Both Bealey and Shawa explained, however, that IRRP roadwork improvements can only take place if the sewer or water lines underneath are failing, and ideally if both are failing. In addition, those projects are based on a 93-year replacement schedule, or about 1.5 miles of sewer line, water line and roadwork every year.

With the current conditions of Walla Walla's roads, Shawa said the city needs at least a million dollars to level off and possibly gain on the quickly declining situation.

The city manager said a 2004 street improvement commission studied and rated Walla Walla's roads at 60 percent of optimum.

A new road would be considered 100 percent of optimum, while zero represent total failure.

Since the 2004 study, Shawa estimated that Walla Walla's roads have deteriorated to 40 percent of optimum and are quickly declining.

Sounding like a harbinger of doom as he displayed an image of a behemoth road grinding machine that was pulverizing what once had been a paved country road into gravel, Shawa warned that Walla Walla's streets could suffer the same fate.

"This is actually happing in some Midwest communities, where the pavement is degraded so far that it is actually smoother to drive on than asphalt," Shawa said.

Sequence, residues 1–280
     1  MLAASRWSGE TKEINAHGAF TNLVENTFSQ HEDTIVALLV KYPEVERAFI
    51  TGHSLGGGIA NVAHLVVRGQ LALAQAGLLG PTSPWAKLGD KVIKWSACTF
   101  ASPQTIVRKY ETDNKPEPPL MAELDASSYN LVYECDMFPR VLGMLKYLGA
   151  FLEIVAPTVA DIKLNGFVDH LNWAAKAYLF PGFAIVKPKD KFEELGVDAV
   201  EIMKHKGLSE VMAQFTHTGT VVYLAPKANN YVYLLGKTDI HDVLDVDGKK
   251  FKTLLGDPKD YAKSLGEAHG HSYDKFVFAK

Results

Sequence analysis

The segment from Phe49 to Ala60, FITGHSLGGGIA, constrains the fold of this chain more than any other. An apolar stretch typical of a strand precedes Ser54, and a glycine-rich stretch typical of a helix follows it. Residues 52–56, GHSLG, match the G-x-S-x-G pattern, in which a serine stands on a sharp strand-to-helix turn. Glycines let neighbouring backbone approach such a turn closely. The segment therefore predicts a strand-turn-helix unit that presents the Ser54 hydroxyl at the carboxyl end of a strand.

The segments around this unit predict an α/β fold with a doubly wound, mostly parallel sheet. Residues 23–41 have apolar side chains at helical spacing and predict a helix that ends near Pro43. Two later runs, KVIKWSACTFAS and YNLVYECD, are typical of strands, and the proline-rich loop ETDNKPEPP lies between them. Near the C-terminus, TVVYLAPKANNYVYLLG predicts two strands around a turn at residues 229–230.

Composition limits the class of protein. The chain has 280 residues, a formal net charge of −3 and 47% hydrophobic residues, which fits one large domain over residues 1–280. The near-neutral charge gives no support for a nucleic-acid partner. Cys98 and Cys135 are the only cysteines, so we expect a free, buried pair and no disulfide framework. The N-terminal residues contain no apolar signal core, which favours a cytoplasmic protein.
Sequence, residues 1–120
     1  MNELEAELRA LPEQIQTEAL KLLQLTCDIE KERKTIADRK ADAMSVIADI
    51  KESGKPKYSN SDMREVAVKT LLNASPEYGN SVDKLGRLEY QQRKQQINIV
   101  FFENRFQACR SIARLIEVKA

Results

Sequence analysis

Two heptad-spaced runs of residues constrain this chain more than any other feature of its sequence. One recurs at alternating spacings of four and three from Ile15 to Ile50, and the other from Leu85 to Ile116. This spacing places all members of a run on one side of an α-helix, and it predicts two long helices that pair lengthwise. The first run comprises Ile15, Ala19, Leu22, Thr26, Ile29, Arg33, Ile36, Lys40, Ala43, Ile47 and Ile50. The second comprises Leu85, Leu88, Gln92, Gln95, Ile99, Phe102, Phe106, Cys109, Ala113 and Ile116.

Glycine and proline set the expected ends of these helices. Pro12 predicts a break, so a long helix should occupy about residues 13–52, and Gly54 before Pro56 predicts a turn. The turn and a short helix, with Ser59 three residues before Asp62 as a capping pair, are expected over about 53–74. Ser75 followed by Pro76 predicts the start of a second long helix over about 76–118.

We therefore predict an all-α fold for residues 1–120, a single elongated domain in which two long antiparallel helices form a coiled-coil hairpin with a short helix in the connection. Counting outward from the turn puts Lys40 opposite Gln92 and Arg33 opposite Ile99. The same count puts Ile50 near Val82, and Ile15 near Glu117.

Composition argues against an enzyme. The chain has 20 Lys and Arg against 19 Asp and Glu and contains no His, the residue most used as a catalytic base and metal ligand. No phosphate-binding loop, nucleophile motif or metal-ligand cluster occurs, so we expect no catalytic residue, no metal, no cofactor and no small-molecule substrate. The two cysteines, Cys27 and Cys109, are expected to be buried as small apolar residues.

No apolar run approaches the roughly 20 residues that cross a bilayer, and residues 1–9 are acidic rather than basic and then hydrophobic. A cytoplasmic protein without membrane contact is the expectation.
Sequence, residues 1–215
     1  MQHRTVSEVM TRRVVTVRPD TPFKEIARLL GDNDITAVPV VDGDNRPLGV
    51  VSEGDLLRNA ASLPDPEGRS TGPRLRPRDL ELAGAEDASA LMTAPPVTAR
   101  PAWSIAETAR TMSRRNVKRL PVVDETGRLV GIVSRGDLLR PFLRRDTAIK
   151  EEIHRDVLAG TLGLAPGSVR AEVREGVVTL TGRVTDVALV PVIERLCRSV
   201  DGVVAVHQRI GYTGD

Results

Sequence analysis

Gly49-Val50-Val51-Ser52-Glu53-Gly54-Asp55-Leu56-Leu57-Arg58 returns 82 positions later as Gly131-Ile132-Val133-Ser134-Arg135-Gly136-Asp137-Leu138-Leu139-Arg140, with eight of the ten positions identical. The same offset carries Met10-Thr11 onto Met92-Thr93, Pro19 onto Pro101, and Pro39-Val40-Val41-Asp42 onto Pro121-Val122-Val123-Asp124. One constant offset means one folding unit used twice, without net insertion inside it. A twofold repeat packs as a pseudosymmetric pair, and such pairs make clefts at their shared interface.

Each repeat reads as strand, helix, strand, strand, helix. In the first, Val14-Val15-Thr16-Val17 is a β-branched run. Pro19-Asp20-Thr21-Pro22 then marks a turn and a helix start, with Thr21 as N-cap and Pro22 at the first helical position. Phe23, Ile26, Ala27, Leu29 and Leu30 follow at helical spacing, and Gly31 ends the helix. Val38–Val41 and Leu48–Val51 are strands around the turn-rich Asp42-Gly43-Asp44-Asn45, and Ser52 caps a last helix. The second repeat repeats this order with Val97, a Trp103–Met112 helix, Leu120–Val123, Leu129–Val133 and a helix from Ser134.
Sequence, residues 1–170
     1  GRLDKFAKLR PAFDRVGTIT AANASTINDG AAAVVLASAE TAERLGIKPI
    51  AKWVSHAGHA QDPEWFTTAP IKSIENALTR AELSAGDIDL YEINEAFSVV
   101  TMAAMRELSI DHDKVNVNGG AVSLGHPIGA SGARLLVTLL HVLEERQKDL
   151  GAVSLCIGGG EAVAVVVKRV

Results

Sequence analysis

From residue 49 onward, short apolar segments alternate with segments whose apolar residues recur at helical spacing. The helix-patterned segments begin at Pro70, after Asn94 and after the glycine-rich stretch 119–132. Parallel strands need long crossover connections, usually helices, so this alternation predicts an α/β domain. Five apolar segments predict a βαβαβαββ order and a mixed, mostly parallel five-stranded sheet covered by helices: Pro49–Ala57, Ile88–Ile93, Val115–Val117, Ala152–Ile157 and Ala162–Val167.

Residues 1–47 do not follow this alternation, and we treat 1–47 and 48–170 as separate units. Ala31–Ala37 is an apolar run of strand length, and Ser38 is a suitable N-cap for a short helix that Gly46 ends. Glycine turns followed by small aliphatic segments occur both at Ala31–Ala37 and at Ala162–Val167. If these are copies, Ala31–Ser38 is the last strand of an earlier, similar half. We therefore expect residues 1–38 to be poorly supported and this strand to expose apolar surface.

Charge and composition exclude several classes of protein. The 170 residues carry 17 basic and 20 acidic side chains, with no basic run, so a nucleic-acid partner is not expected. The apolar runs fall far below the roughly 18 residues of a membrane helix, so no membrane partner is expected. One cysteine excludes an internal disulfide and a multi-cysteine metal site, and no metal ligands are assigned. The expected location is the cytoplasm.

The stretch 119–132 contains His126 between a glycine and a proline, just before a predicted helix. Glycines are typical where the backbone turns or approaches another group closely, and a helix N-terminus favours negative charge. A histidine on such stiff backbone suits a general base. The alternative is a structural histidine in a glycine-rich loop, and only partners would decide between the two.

"We are taking comments from the town halls and surveys to try to put together a specific plan to take back to citizens after Labor Day with an eye toward a November ballot issue," Shawa said.

The city is also in the process of conducting a scientific survey to determine which of the four options people would support.

The results of the survey will be reviewed by staff over the summer, and some time in August the City Council is expected to approve one of the options.

Other options were brought up, such as voter-approved bonds and new-construction fees.

Shawa explained that bonds had to be tied to specific projects, and were not usually for something as general as street maintenance. He also noted that bonds usually fund construction work and are often required to be completed in three years.

As for new construction fees, those seem to work better in areas that are seeing growth rates closer to double digits, not like Walla Walla, which came in last year with a growth rate under 1 percent, Shawa said.

Relying on grants is also not an option, as both Bealey and Shawa explained that grants for residential streets are usually not available, unless they are major thoroughfares. Grants are also usually for new construction, not for routine maintenance work like chip sealing, which is a key component to maintaining good roads, Shawa added.

Finally, even if the city did get $1.5 million a year for street maintenance, there could still additional money request in the works.

"That is one of the dangers here. $1.5 million a year, if it comes to fruition, is not going to turn our streets silky smooth overnight," Shawa said.